Speaking of Marysville, it is quite possibly the toughest track to make the A main at in California. Only 18 cars make the main, but they run three heats, take the top five out of the heat race. The fast guys start in row three of the heats, so there is a chance some of the top qualifiers won’t make the show. Here’s where it is tough. Once in the B, only the winner of the race gets their time back behind the inversion, which on Saturday was an eight. Forsberg, who timed in 5th on the night, finished second in the B main to Jimmy Trulli who qualified third and usually would have started next to Jimmy Trulli in row five, started dead last in the A main and ultimately couldn’t pass and finished last. Trulli, by virtue of winning the B and getting his time back, finished the race in the top ten. A total of 29 sprint cars were at the show.

Marysville, four weeks, four different winners during their point’s series. Tracy Canaless, Jeremy Phillips, Kyle Schild and now DeCaries. Throw in the Civil War race in March and the winner was Roger Crockett. With their format, expect a new winner this Saturday night.

Last week, Jonathan Allard and John Padjen did their usual thing, having lunch in Chico during the week. This lunch, however, was different. Allard had criticized Chico’s racing surface of late even though he realized John was doing all that he could do to make it as good as he could. The wet weather had not allowed the grader onto the track. So Padjen replied with his own jab and told Allard he could prepare the track this week, along with Duke and Scott McMillen, who Allard drivers for, if John could set up Allard’s car for the race. Allard balked at Padjen’s offer and it’s a good thing he did. Allard went on to win the Friday night Civil War race and in victory lane jokingly told Padjen that the track was fine and nothing was wrong with it. Kind of funny how things that drivers bitch about, have a weird way of working out for them.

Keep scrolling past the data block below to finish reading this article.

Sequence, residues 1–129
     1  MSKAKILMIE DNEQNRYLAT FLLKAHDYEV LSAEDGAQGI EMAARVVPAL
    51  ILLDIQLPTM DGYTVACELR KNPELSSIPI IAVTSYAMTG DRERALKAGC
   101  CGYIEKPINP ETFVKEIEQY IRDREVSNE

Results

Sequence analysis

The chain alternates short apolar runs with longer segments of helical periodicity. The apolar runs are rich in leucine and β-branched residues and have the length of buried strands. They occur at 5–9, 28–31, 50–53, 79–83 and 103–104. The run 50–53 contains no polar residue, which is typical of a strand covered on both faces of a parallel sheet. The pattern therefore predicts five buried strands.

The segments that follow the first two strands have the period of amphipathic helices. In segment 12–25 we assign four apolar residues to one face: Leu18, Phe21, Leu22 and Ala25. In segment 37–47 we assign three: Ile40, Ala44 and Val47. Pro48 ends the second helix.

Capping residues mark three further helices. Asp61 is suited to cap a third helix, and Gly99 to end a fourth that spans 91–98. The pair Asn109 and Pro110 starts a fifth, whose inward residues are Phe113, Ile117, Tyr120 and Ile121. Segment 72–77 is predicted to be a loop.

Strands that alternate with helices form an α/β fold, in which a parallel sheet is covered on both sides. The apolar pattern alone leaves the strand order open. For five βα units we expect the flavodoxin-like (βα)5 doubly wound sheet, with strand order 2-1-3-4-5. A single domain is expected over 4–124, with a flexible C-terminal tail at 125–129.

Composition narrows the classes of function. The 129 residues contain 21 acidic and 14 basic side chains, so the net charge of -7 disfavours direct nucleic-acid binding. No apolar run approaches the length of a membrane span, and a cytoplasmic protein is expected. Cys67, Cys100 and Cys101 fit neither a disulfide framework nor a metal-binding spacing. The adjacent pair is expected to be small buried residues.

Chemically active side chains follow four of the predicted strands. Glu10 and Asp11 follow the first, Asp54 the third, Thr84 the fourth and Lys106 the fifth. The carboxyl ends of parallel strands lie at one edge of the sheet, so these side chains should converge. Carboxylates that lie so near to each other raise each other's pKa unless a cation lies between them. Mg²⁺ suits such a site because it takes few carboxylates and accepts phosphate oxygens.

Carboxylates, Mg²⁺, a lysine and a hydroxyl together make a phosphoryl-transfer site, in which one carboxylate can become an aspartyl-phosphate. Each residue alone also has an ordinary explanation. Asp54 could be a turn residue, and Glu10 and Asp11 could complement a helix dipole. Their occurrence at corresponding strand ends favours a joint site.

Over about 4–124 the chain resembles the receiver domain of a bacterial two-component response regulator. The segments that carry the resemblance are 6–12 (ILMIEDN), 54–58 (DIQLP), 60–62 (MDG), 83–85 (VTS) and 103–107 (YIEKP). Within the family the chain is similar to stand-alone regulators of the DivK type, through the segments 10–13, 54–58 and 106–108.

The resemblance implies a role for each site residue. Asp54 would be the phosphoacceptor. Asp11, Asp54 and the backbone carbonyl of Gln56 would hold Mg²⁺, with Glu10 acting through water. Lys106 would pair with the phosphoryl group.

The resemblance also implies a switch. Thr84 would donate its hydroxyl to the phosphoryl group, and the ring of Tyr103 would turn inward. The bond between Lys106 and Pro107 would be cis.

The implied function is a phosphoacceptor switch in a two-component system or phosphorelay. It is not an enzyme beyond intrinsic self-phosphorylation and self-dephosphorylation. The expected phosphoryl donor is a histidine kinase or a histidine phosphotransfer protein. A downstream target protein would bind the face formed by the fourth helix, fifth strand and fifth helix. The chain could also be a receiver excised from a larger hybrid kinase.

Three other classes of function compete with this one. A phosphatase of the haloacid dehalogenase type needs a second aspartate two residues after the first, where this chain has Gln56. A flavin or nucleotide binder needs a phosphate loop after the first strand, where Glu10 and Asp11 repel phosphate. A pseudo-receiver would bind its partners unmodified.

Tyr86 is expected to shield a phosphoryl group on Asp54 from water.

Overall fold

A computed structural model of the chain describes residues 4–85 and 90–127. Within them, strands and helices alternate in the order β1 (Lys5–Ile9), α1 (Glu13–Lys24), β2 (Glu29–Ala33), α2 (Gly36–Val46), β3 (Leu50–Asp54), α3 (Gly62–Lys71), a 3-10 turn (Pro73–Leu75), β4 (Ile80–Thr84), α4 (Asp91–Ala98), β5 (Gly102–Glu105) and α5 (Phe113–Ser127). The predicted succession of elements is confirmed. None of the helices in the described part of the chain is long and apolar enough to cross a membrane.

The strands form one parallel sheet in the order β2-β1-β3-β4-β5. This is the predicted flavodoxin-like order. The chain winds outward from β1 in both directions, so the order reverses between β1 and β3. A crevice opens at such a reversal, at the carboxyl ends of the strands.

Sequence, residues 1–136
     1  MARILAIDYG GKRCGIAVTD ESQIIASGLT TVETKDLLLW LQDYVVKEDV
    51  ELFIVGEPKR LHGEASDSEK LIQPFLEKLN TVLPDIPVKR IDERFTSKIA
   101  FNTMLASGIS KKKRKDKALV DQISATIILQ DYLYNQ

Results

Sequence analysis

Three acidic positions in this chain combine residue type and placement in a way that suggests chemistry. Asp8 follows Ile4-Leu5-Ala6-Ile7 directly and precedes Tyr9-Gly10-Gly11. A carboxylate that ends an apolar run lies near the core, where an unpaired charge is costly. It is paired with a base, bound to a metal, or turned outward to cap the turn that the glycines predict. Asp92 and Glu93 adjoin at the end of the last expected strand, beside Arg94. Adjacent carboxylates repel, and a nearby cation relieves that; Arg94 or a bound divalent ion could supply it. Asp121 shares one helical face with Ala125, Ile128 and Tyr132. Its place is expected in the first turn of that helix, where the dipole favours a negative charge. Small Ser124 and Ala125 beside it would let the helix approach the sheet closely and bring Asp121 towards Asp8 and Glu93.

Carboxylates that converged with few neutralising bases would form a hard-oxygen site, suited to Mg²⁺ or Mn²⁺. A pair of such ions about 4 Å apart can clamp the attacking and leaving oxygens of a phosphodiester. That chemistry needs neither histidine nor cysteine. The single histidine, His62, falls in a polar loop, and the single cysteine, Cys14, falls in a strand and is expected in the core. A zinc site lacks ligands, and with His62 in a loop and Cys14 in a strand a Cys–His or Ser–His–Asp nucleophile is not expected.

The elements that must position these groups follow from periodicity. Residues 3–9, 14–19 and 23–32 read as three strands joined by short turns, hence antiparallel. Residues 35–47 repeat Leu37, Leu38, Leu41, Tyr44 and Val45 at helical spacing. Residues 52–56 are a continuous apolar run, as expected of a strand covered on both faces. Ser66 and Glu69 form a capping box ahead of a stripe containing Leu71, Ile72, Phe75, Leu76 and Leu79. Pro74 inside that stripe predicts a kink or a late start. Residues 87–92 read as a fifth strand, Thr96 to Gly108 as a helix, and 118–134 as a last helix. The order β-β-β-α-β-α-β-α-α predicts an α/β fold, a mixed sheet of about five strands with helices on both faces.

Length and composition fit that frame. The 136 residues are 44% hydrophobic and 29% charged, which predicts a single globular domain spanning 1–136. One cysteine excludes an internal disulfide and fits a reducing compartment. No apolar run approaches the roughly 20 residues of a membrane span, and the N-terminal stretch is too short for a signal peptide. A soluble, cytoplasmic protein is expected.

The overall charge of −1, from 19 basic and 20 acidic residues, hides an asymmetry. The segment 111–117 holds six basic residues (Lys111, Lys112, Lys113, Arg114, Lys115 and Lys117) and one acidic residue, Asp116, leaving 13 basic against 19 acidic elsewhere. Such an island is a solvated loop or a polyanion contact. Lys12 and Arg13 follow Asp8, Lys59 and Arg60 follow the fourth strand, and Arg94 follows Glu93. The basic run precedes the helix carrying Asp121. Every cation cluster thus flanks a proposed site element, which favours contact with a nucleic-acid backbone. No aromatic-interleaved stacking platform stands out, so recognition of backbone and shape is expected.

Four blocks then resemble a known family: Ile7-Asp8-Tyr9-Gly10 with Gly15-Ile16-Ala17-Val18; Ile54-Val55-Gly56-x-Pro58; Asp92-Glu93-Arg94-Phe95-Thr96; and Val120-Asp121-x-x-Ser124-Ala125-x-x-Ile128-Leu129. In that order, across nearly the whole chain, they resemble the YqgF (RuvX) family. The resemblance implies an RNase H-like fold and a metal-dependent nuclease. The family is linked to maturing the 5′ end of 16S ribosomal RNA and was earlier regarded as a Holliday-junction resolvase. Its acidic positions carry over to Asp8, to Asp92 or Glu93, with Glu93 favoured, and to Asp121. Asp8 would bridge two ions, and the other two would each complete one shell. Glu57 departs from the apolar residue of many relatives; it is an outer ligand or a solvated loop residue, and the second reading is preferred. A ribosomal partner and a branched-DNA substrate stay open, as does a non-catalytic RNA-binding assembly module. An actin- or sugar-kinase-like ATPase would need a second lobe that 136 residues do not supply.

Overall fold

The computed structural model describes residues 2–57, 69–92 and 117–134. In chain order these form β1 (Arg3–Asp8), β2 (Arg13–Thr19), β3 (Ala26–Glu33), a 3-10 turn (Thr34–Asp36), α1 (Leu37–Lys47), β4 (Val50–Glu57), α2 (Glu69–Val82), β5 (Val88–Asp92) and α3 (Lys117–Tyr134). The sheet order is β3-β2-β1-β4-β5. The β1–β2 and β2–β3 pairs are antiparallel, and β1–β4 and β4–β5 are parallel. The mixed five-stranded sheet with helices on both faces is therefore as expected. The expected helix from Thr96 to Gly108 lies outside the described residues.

Former Chico Champ, Johnny Rodriguez had a driveline break on him while running 7th in the main event Friday night. ...former champ, David “Powerfeed” Robinson lost a motor in hot laps.

When you just should have stayed home story. Chad Riolo, a Civil War heavy hitter, arrived real late to the pit area on Friday and it was found out that the team had a flat tire on the rig. Also, after that was fixed, the rig sat for 10 minutes at a railroad crossing until the longest train Chad had ever seen went by. Once at the track I asked him about racing and he said I hope it’s nothing like what kind of luck we had getting up here tonight. Well, it only got worse. In the C main, he was running second and had a for sure transfer as the white flag flew, however, entering turn three, third place driver Eric Hopkins drove into the rear of Riolo, spinning him around and out of a transfer. Adding insult to injury, Hopkins got the transfer as Riolo had to park his car for the night. Maybe the flat tire or the train was a sign that Riolo just should have probably never even made it to Chico.